Voting in the 2018 Reston Association Board of Directors election will run from March 5 through April 2. This week, we will begin posting profiles on each of the candidates.
Featured here is Julie Bitzer, who is facing one other candidate for the three-year South Lakes District seat. The profiles are in a Q-and-A format. With the exception of minor formatting edits, profiles are published in unedited form. Each candidate had an opportunity to answer the same questions in their own words.
How long have you lived in Reston? What brought you here?
January 1980, 38 years ago – Reston just felt right, my “magical Reston” the term I use with family, friends, and co-workers. And it was close to work in Tysons. A Hunters Woods Deepwood townhome was affordable as a starter home. Fourteen years later, I moved to my current home of 24 years off the 14th hole of Reston National Golf Course.
What inspired you to run for the board?
Reston had everything I wanted in a forever home. I had embraced the Bob Simon vision actualized through “Live, Work, Play” and the diversity of Restonians in age, culture, values and economics. I had open natural space and lakes, protected and accessible. I had village centers populated by small businesses within walking and biking distance. And I had a golf course threatened by developers where letting one open space slip away would open the door to more onslaughts and increased population density without promised infrastructure.
So, I put my own skin in the game as South Lakes District Director. Three years later, with still more to be done – I run to continue working for “us”.
Having active involvement as board liaison on three RA committees – Design Review Board, Covenants, and Parks & Recreation Advisory, I know where and how we can improve our member service. I’ve supported members navigating the RA process for covenants and design review, clusters’ property & trail access, boat & lake policy, and even commercial redevelopment. One “fight” as director was to ensure the County was held accountable for stream restoration off South Lakes – a long-neglected erosion and safety issue. Enduring the loss of Tall Oaks Village Center to residential development, I will fight to preserve our South Lakes Village Center, proactively working with RA’s Land Use Development team.
What are three of the biggest concerns you have for Reston?
We stand to lose our sense of community, the very spirit and essence of the Reston vision as we face external forces of growth and fiscal assessment pressure. How can we effectively reach both old and new members, and unite?
RA must deliver a tangible return on our assessment dollars, reflective of our needs and wants. We must continue to seek more efficient and optimal methods to deliver value; yet RA expenditure decisions must not be reduced to a purely monetary business case scenario. Facilities and programs supporting our community and shared experiences could be significantly impacted or eliminated depending on the election outcome – such as our neighborhood walkable pools, our camps, Walker Nature Center, and ad hoc programming by which to enjoy Reston’s amenities. We’re a non-profit, established to provide services that support a fiscally responsible best quality way of life.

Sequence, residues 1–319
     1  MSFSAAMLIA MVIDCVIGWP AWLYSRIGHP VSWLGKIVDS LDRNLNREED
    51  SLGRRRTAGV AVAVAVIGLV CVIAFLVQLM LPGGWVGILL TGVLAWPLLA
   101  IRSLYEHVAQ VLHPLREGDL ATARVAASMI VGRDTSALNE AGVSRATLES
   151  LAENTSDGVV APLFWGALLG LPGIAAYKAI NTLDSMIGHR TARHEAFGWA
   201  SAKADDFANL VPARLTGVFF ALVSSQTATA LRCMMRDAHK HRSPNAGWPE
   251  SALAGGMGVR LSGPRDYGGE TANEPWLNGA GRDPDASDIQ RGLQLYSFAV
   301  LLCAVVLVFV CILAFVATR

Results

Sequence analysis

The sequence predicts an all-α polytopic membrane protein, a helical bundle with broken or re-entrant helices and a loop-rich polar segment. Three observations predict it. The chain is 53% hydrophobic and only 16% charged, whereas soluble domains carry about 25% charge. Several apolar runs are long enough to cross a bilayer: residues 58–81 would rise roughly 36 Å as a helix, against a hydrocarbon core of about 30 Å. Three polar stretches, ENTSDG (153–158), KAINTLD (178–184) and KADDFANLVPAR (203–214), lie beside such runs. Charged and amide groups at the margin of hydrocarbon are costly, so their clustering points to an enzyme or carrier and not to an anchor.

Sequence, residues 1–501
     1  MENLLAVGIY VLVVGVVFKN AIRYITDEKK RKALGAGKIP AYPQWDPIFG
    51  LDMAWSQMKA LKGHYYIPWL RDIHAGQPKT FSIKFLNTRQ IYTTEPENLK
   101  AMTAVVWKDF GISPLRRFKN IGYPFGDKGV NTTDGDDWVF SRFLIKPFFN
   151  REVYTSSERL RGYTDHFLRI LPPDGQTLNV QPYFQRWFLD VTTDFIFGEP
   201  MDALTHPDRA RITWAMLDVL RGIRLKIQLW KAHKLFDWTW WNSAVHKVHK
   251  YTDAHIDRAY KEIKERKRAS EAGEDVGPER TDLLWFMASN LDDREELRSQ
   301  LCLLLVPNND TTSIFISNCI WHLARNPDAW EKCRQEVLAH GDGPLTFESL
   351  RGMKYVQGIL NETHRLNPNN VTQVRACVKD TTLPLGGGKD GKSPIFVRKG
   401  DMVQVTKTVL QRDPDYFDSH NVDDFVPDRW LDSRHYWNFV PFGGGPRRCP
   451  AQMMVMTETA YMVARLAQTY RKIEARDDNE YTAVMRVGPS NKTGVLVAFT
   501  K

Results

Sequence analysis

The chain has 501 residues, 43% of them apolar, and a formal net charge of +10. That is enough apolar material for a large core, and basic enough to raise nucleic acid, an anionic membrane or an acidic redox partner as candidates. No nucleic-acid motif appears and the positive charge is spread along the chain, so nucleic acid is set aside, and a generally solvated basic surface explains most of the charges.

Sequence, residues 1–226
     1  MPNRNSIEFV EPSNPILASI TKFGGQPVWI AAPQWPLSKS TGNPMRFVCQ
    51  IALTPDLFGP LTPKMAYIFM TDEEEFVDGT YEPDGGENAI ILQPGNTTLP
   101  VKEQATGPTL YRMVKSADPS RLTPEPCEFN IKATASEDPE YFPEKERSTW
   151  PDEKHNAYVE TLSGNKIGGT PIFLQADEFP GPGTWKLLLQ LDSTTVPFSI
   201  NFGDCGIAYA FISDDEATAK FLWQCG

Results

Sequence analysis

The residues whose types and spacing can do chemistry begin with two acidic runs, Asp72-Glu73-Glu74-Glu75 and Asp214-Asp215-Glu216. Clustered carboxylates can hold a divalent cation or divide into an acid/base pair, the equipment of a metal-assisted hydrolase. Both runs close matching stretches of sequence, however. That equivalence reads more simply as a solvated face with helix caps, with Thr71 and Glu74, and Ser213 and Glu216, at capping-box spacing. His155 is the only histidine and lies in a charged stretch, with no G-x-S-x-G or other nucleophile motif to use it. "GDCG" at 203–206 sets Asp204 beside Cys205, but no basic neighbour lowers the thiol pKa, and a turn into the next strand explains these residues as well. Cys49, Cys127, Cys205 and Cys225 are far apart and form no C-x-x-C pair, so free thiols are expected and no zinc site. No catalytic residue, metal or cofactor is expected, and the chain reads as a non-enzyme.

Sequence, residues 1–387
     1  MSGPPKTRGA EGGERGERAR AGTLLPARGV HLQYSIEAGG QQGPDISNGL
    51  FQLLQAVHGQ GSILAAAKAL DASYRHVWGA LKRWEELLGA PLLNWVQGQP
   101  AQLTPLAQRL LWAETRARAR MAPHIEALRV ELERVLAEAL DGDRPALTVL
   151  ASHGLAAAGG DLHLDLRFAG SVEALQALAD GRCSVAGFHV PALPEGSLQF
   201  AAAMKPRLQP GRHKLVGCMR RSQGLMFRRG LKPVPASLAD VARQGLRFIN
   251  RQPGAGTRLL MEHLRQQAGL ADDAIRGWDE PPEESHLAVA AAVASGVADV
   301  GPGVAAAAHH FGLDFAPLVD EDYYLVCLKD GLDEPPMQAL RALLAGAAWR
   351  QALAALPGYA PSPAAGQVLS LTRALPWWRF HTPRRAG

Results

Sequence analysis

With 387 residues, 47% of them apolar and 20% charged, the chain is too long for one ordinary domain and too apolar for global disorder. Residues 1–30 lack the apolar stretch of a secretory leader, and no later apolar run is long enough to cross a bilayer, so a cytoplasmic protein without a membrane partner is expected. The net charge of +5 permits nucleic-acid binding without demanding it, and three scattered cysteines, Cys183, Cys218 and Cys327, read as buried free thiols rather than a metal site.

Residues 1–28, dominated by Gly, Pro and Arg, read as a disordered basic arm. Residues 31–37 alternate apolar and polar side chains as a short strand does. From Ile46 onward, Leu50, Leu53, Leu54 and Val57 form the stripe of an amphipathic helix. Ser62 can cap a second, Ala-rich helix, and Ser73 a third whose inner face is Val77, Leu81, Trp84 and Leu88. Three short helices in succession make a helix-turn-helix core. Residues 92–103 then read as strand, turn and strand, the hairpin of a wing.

I want all voices in our community to be heard and reflected on our RA board. A board made up of independent and individual thinkers, contributing to open transparent dialog.
What do you hope to accomplish by being on the board?
In our greater community, there are many opportunities to volunteer and serve. As an elected RA district director, my direct focus has been and will be on RA’s mission as a homeowner’s association, delivering valued, responsive and continually improving service cost-effectively. My priorities are –
#1 – Giving members what they value. From my conversations, it’s often about member service, making it easier to interact with RA – think Covenants, Design Review, pool & tennis passes. It’s about making sure we maintain and improve facilities – think pools/tennis/fields/trails/pavilions. To date, we have addressed facilities on an individual basis – think Hook Road or Pony Barn. We should evaluate our facilities long term future collectively against RA’s changing demographics. Tackling this comprehensive analysis in phases, we should start with all pools in 2018 as we are faced with decisions on Thoreau pool’s future beyond the 2018 swim season (to repair, replace, some want to close?)
#2 – Continuing partnerships with grass-roots, citizen-led initiatives, lending support and voice where our RA and community interests align and are impacted by County and external forces. This includes organizations like Rescue Reston for open space, Reston Citizens Association and the Coalition for a Planned Reston (CPR) with its focus on population density and infrastructure support.
#3 – Ensuring RA matures its business processes and operations controls to a standard, best practices level that is comparable to an equally-sized commercial business.
How will your personal or professional experience help you in your role with RA?
I bring four decades of corporate experience in delivering quality solutions, programs and services to the Federal Government. My sales and marketing background provide strategic and tactical skills in identifying and meeting customer requirements. My professional and graduate education provide expertise in best practices for business operations and controls. My Masters in Landscape Design supports my work with RA’s Design Review Board. Personally, I thrive in and have demonstrable skill in consensus-building, finding the win-win for all parties involved.
Find more information at facebook.com/Julie4RA.
Photo by Reston Association